6.11 Electrical and Electronic Applications

6.11.1 Production of Transparent Conductor Coatings by Carbon Nano-Tubes

With respect to broad applications of transparent conductor coatings there have been developed different materials and methods to produce these coatings. Among most commonplace methods one can name using ITO coatings. Regarding achievements in nano-technology, another method is application of carbonic nano-particles and nano-tubes. In case of broad using these materials for transparent conductor coating, there would be a dramatic growth in application of these coatings. One of famous companies in this field is Eikos which uses carbon nano-tubes to product conductor coatings. For industrial applications, produced layers must be of high transparency, suitable conductivity, low price, decent printability, and flexibility and resistance against environmental agents. Carbon nano-tubes have efficient electrical and thermal conductivity, equal to those of diamonds. Regarding their low weights (1/6 of steel’s) this tubes have considerable hardness. Todays, vaporization of polluted zinc oxide with InSnO2 in vacuum tube is applied as a standard industrial coating. The thin film of this material has efficient light transparency and excellent conductivity. Thin films of ITO are not suitable to coat polymeric surfaces; also conductivity of pieces considerably decreases through its bending and other types of deformation.

Metallic nano-particles have fairly high price and very low transparency and then are not convenient for painting. According to mentioned points produced transparence conductive coating with carbon nano-tubes is completely efficient, compared with the other mentioned methods. They only setback of this method is its lower, but enough, conductivity. For different coatings, depending on type and application of the coating, different materials are used. Among these materials one can mention atomic nano-clusters such as quantum particles, inorganic and molecular particles, nano-tubes with quantum wires, and nano-composites. The other important used compounds for coating are:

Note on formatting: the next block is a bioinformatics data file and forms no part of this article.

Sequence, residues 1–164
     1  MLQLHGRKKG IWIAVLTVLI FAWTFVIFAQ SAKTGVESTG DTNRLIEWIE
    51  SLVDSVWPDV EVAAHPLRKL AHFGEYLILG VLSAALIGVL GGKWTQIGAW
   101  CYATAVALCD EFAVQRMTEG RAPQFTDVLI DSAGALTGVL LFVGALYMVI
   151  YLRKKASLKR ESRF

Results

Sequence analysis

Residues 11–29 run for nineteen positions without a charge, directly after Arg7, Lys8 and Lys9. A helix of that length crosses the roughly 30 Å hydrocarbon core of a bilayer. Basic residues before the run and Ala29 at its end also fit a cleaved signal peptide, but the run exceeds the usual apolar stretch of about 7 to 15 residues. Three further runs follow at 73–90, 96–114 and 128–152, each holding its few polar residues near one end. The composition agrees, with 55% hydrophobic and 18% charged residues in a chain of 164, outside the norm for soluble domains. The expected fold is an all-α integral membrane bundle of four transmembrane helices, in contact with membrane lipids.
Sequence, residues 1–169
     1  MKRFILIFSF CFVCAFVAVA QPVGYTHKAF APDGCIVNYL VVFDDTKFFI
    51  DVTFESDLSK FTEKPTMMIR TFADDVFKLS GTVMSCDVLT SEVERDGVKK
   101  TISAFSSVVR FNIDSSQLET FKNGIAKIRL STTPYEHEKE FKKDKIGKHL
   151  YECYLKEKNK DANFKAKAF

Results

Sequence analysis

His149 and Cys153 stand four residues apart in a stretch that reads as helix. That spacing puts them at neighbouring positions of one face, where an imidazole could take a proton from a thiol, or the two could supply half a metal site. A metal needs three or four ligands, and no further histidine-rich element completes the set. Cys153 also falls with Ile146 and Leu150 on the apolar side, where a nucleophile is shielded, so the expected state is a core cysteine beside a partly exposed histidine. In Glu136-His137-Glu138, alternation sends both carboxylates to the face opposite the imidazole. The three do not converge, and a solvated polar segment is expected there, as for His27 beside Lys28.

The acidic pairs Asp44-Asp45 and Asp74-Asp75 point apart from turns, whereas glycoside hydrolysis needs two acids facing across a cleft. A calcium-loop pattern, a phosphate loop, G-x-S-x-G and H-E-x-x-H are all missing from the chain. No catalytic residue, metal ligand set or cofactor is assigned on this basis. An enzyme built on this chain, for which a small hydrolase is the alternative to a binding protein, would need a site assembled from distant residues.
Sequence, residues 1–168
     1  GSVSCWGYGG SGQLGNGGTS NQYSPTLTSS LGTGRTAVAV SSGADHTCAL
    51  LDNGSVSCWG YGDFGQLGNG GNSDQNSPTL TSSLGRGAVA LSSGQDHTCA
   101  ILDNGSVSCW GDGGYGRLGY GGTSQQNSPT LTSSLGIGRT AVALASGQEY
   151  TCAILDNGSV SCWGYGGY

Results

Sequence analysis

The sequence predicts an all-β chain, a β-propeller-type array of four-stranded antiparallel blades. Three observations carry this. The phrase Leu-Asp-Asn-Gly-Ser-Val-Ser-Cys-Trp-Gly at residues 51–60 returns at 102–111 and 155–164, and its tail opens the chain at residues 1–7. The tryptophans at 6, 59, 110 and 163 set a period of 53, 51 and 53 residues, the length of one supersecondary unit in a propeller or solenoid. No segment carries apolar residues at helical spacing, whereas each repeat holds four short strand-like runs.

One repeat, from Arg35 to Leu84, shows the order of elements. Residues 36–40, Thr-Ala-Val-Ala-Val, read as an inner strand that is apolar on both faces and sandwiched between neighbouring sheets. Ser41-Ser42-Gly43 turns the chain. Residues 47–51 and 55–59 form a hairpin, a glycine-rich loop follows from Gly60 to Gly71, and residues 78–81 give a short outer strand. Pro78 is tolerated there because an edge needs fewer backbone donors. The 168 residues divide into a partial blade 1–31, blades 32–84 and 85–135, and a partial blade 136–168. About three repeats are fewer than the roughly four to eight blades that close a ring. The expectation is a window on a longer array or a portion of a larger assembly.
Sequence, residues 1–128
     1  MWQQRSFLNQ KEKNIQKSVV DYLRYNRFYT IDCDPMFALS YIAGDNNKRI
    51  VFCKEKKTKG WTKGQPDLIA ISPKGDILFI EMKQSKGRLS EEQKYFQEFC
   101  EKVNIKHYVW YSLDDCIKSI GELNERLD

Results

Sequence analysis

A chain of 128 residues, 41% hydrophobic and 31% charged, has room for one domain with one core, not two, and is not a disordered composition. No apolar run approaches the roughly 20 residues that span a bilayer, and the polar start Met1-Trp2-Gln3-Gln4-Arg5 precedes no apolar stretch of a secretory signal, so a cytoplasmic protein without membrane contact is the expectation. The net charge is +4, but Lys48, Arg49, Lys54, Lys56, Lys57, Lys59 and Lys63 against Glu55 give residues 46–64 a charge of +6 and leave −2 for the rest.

• Silicide, carbide, nitride, and oxide

  • Boride, selenaride, fluoride, and various types of sulfides

  • Halide, alloys, intermetallic materials, metals

  • And organic polymers

6.11.2 Application of Nano-Coating on Solar Cells

Since nano-coating can be applied to improve quality of existed products and produce of new materials, some companies, e.g. Nanogate have used these coatings to promote available systems. This company, which has previously developed sport facilities with nano-coating, attempts to improve some of its other products. One of its study fields is antipollution coating of solar cells. Coatings surface of solar cells with antipollution and snow resistant coatings, a bigger deal of solar energy can be absorbed and solar cells show a significant efficiency [101, 102, 103, 104, 105, 106, 107].

6.11.3 Nano-Coating of Nickel Particles by Oxides

Ceramic multilayer capacitor is a piece with broad use in electronic. Using these capacitors in smaller volumes and materials such as BaTiO3, it is possible to achieve higher capacities. For economizing these capacitors there was an effort to alternate Pd/Ag electrodes with those made of metals such as Ni. These particles problem is their oxidation with increase of temperature, happening in concentrated circuits with many capacitors. One solution for this phenomenon is using oxide coating with stable oxides. BaTiO3 is rather desirable for this goal. Unless coating with this material is performed in nano thickness, it is probable dielectric properties of the layer be changes. For this aim, method of TiCl hydrolyzing in butanone is applied. Using this method it is predicted to obtain low price high efficiency capacitor in small volumes.